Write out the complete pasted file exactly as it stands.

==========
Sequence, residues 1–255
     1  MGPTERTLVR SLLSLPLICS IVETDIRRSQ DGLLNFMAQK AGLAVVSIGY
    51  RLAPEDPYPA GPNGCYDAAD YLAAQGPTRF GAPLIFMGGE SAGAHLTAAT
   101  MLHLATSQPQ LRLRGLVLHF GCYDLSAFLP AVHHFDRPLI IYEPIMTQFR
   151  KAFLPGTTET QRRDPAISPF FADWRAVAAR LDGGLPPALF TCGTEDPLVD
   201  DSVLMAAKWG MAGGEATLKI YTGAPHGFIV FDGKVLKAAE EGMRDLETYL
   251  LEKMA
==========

Sequence, residues 1–255
     1  MGPTERTLVR SLLSLPLICS IVETDIRRSQ DGLLNFMAQK AGLAVVSIGY
    51  RLAPEDPYPA GPNGCYDAAD YLAAQGPTRF GAPLIFMGGE SAGAHLTAAT
   101  MLHLATSQPQ LRLRGLVLHF GCYDLSAFLP AVHHFDRPLI IYEPIMTQFR
   151  KAFLPGTTET QRRDPAISPF FADWRAVAAR LDGGLPPALF TCGTEDPLVD
   201  DSVLMAAKWG MAGGEATLKI YTGAPHGFIV FDGKVLKAAE EGMRDLETYL
   251  LEKMA